Course Outline: International Fiance
PhD course | Frankfurt University | Spring 2008 | version: March 2008
Outline and Schedule
I. Exchange rate economics
- Sarno, L. and M.P. Taylor. 2003. The Economics of Exchange Rates, Cambridge and New York: Cambridge University Press; chapters 2, 3, 4, 7.
- Hallwood, C.P. and R. MacDonald. 2004. International Money and Finance, Blackwell Publishing, 3rd edition; chapters 7-13.
1. Empirical Models of Nominal Exchange Rates
- Mark, N. 1995. Exchange Rates and Fundamentals: Evidence on long-horizon predictability. American Economic Review 85: 201-218.
- Sarno, L. (2005), “Towards a Solution to the Puzzles in Exchange Rate Economics: Where Do We Stand?”, Canadian Journal of Economics, 38(3), 673-708 (Keynote speech at the 2004 Canadian Economic Association Annual Meetings, Toronto.)
- Sarno, L. and Taylor, G. (2001), “Official Intervention in the Foreign Exchange Market: Is It Effective and, If So, How Does It Work?”, Journal of Economic Literature, 39(3), pp. 839-868.
- Bacchetta P. and E. van Wincoop, “Can Information Heterogeneity Explain the Exchange Rate Determination Puzzle?”, NBER WP9498, Feb 2003
- Meese R. and K. Rogoff, “Empirical Exchange Rate Models of the Seventies”, Journal of International Economics 14 3-24, 1983
- Frankel, J. and Rose, A. (1995), “Empirical Research on Nominal Exchange Rates,” in Grossman, G.M. and Rogoff, K.H. (eds.), Handbook of International Economics, Vol. 3, Amsterdam, New York and Oxford: Elsevier, North-Holland.
2. Long Run Real Exchange Rates, Terms of Trade and Expenditure Switching.
- Engel C. and J. Rogers, "How Wide is the Border?" American Economic Review 1996 Dec, pp1112-1125;
- Imbs J, H. Mumtaz, M. Ravn and H. Rey, “PPP Strikes Back: Aggregation and the Real Exchange Rate”, QJE 2005
- Rogoff K. "The Purchasing Power Parity Puzzle", Journal of Economic Literature Vol. 34, No. 2. (Jun., 1996), pp. 647-668;
- Engel C. "Accounting for US Real Exchange Rate Changes," Journal of Political Economy 107(3), June 1999, pages 507-38;
3. Microstructure Models of FX Markets
- Evans, M.D.D. and Lyons, R.K. (2002), “Order Flow and Exchange Rate Dynamics,” Journal of Political Economy, 110(1), pp. 170-180.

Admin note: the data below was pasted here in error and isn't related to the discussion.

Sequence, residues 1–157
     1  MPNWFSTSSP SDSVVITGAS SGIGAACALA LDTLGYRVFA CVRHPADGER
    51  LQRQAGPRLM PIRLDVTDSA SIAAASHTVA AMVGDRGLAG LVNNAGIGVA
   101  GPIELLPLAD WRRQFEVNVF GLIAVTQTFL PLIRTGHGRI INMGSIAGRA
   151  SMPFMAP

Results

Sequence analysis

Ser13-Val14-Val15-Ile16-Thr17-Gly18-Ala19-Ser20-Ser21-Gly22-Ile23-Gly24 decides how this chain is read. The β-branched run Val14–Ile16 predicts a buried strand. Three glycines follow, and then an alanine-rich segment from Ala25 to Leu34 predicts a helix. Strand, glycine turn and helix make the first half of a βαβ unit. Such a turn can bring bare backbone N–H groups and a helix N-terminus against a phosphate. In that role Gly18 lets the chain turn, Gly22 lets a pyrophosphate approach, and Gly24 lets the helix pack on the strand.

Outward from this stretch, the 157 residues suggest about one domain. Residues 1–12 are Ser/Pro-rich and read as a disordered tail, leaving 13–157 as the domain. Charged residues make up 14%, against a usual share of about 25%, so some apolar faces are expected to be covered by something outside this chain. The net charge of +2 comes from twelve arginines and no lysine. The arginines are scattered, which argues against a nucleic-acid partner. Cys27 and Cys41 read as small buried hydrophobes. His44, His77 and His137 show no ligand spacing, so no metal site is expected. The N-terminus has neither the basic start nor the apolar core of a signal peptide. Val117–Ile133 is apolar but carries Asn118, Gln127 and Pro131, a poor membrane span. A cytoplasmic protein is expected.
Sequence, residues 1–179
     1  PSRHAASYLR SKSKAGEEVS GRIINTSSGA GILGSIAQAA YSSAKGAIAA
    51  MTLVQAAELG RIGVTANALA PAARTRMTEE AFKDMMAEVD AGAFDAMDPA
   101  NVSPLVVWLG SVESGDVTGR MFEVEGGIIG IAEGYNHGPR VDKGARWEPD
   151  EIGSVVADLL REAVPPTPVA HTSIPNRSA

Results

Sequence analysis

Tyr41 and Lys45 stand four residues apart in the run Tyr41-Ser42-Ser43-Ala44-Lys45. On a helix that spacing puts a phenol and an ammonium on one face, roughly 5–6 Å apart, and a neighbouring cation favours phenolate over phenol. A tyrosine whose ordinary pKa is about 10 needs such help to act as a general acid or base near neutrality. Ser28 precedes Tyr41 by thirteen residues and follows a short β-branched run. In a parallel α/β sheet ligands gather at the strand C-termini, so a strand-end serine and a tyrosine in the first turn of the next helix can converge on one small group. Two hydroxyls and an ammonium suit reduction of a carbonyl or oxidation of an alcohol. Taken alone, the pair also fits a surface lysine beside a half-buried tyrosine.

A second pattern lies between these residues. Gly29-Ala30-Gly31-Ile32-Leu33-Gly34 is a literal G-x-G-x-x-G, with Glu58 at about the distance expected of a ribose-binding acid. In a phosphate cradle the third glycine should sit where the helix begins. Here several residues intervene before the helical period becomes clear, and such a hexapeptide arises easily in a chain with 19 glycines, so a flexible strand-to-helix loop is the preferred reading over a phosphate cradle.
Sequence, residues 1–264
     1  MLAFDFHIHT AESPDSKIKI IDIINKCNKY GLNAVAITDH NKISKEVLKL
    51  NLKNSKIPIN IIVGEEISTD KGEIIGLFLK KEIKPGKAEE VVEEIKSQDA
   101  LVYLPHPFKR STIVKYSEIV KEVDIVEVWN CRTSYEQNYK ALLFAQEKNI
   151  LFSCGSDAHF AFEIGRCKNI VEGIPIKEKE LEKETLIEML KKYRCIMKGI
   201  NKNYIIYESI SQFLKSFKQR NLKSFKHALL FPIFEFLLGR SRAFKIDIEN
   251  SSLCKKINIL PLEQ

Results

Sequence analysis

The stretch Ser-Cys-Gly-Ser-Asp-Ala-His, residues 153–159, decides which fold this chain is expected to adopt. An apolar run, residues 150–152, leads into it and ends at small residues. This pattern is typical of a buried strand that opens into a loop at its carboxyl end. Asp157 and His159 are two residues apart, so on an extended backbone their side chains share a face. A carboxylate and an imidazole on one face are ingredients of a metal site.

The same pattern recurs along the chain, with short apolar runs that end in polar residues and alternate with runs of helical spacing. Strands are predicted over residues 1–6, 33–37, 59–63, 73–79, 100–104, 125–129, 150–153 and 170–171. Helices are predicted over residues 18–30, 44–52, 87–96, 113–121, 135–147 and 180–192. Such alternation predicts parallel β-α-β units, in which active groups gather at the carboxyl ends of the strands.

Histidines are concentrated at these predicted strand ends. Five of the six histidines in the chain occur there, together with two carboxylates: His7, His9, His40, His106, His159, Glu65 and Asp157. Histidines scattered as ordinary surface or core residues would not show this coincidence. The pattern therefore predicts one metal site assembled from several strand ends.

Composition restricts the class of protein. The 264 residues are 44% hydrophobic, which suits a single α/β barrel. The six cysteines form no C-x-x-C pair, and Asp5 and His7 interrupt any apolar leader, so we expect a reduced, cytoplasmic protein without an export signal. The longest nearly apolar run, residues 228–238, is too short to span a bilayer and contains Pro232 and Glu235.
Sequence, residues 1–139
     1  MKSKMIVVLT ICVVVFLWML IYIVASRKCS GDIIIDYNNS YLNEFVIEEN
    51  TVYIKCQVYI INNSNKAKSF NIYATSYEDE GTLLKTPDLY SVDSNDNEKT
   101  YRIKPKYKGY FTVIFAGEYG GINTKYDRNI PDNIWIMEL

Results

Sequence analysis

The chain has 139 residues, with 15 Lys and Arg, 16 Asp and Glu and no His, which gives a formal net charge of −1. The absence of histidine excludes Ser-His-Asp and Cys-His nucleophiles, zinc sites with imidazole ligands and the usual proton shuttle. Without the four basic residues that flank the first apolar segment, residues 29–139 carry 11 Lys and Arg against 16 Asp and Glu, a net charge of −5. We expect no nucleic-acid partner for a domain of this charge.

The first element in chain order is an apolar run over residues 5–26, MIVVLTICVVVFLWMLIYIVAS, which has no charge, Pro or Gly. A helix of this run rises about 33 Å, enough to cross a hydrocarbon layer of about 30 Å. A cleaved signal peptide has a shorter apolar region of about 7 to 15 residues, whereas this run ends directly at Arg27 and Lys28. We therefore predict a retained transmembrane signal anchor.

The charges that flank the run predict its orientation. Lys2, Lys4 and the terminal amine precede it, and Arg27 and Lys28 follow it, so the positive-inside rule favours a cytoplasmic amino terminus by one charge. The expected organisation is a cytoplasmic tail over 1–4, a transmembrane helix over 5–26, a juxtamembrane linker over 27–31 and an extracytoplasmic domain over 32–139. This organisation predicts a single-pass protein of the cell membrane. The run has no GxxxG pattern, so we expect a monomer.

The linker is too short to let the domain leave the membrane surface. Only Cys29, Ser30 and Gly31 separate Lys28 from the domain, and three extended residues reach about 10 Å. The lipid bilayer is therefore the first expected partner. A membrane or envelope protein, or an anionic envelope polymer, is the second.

- Evans, M.D.D. and Lyons, R.K. (2003), “How is Macro News Transmitted to Exchange Rates?”, NBER Working Paper No. 9433.
- Evans, M.D.D. and Lyons, R.K. (2004), “Exchange Rate Fundamentals and Order Flow,” Georgetown University, University of California, Berkeley and NBER, mimeo.
II. International financial markets & integration
4. Capital Flows
- Bekaert G., C. Harvey and C. Lundblat, “Does Financial Liberalization Spur Growth”, Duke University, May 2002.
- Edison, H., M. Klein, L. Ricci and T. Sloek, “Capital Account Liberalization and Economic Performance: Survey and Synthesis”, NBER Working paper 9100, August 2002.
- Gourinchas P-O and H. Rey, “International Financial Adjustment”, mimeo Princeton University 2004.
- Lane P. and G. M. Milesi-Ferretti, "The External Wealth of Nations: Measure of Foreign Assets and Liabilities for Industrial and Developing Countries,"
- Portes, R. and H. Rey (2005):”The determinants of cross-border equity flows”, Journal of International Economics 65, 269-96.
- Brennan M. and H. Cao, 1997, “International portfolio investment flows”, Journal of Finance 52, 1851-1880.
- Kraay, A., N. Loayza, L Servén and J. Venture (2005): “Country Portfolios”, Journal of the European Economic Association 3, 914-945.
- Albuquerque, R., N. Loayza and L. Servén (2005): “World Market Integration Through the Lens of Foreign Direct Investors”, Journal of International Economics 66, 267-295.
5. Risk Sharing and International Financial Markets
- Imbs, J. 2006. Real effect of financial integration. Journal of International Economics (also available via J. Imbs’ homepage)
- Brandt M., Cochrane J. and P. Santa Clara, 2004. "International Risk Sharing is better than you think (or exchange rates are much too smooth) ", NBER WP 8404.
- Van Wincoop, E, "How Big are Potential Gains from International Risk Sharing?", Journal of International Economics 47, 1999, 109-135.
- Cole H. and M. Obstfeld, " Commodity Trade and International Risk Sharing: How much do Financial Markets Matter?", Journal of Monetary Economics 28 (August): 3-24, 1991.
- Lucas R., "Interest Rates and Currency Prices in a Two-Country World", Journal of Monetary Economics, 10, 335-59, 1982.
- Martin P. and H. Rey: "Financial Super-Markets: Size matters for asset trade".
6. International portfolio diversification in theory and practice
- French, K. and J. Poterba (1991): “Investor diversification and international equity markets”, American Economic Association Papers and Proceedings 81, 222-226
- Van Wincoop, E. (1999):”How big are the potential welfare gains from international risk sharing?”, Journal of International Economics 47, 109-135.
- Ahearne, A., W. Griever and F. Warnock (2004): Information costs and home bias: an analysis of U.S. holdings of foreign equity”, Journal of International Economics 62, 313-336
- Imbs, J. (2004):”The real effects of financial integration”, CEPR Discussion Paper 4335.
- Pesenti, P. and E. van Wincoop (2002):”Can nontradables generate substantial home bias?”, Journal of Money, Credit and Banking 34(1), p. 25-50